The foundation contracted with the Department of Cultural Affairs to administer appropriations for the fresco project after presenting the secretary with a memorandum of understanding detailing intended use of the funds, including such items as grand opening events, educational materials and art books. All funds spent by the foundation were approved by the Departments of Cultural Affairs and Finance. All were for the benefit of the fresco project.
The review identified a lack of record keeping and oversight at the Department of Cultural Affairs and the absence of signed purchase agreements in Department of Cultural Affairs files. It was foundation staff who provided the auditor with a full set of documents, including the memorandum of understanding and the actual purchase agreements which resulted in the review being properly conducted.
Look at the independent auditor’s report. No funds from this appropriation were spent on administrative costs. No money is just plain missing. The $147,000 to be returned had already been spent for the benefit of the fresco project; the $138,000 returned earlier was unspent. Foundation staff acted in good faith and followed the contract as instructed by the state. The technicalities of state law were not well understood by the Secretary of Cultural Affairs and that went unmonitored by the Department of Finance.
One of the oddities of the purchase agreement signed by the foundation is a provision that permits the state to demand a return of the funds even if the foundation spent them in full compliance with the agreement and for the benefit of the fresco project. Of course the foundation will cooperate, but there is an obvious problem created by a demand that already-spent funds be returned.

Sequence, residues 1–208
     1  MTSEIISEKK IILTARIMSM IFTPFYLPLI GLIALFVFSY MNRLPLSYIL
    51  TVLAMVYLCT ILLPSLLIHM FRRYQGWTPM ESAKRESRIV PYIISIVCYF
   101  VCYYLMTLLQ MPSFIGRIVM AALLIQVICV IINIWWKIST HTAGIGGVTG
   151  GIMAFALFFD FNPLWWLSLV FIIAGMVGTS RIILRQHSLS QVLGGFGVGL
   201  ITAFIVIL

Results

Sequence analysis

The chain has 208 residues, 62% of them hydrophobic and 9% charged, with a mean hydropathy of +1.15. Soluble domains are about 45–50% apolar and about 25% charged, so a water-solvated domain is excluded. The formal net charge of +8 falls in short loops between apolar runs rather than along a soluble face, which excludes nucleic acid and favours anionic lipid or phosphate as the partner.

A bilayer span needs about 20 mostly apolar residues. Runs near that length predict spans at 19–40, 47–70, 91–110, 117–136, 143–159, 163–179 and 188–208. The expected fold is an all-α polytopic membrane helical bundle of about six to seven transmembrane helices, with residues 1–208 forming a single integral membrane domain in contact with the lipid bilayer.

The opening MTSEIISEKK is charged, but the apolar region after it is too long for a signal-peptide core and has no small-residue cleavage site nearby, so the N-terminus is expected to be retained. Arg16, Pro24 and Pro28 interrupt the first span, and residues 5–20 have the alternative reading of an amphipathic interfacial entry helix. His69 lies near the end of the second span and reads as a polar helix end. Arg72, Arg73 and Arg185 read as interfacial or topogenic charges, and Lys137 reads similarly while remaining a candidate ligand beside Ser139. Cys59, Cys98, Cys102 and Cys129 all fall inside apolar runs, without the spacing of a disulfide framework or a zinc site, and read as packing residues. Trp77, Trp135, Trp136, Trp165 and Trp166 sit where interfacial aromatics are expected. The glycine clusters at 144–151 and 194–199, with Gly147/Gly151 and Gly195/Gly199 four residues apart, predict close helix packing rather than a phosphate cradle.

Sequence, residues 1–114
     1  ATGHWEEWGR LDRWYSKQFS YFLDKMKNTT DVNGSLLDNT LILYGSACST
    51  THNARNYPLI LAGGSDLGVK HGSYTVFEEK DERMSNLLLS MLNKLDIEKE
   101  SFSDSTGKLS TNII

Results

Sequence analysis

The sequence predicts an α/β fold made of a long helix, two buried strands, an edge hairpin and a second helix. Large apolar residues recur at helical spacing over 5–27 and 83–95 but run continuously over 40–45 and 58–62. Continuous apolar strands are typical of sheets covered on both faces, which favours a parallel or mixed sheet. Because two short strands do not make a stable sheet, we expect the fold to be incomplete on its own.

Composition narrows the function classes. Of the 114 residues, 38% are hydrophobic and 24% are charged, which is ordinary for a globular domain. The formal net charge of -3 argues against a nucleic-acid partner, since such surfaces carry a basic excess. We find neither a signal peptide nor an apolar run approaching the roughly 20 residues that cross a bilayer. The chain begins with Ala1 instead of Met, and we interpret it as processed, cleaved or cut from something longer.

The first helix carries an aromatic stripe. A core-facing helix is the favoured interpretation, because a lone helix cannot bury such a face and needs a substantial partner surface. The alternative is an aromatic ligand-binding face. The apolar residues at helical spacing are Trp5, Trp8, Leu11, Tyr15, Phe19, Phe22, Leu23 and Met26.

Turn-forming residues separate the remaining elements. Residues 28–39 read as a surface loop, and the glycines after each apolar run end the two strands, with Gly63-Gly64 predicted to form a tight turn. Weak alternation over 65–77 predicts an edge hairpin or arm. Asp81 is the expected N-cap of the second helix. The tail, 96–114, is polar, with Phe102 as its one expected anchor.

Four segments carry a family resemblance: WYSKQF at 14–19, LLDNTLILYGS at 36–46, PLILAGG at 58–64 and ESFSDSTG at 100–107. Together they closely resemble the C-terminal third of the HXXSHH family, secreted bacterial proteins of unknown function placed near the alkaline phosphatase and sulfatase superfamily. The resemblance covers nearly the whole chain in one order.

Here’s the bottom line: The completion of the fresco by artist Frederico Vigil marked a historic event in the U.S. art world. The work depicts hallmark events in the history of the Spanish-speaking world, including the settlement of New Mexico. It calls to mind the great works of Mexican fresco artists such as Orozco and Ribera and of course the great Renaissance frescos in Italy and throughout Western Europe. The Legislature wisely and generously funded the fresco project.
The center is a state-owned institution that conducts Hispanic arts and culture programs. In the last four years the foundation has been able to provide over $2 million in non-governmental support to center programs. This is the result of the diligent efforts of Clara Apodaca, foundation president and CEO, and her committed staff, and through the hard work of our board members.
We face many challenges going forward. This is the most difficult budget climate that the foundation and the center have encountered in recent years. The center’s state funding pays only for its staff. The return of money to the state will hamper the foundation’s ability to fund center programs in the very near term. As in the past, we will rely on private donations by those who appreciate the high quality of center programs. We are confident that the cultural dividend for New Mexicans and visitors from around the world will be worth the private investment.
As for the bluster in the state’s press release of “how public funds should never be spent” and “improperly spent funds by the Foundation,” one can only speculate about the motives of Department of Finance and Administration Secretary Richard May. The lead of the state’s press release is correct regarding “serious financial errors by the previous administration.” That’s the headline.
Peter Sanchez is chairman of the National Hispanic Cultural Center Foundation Board of Trustees. Janice Paster is vice chairman. This piece has been approved by the members of the Board of Trustees at the foundation.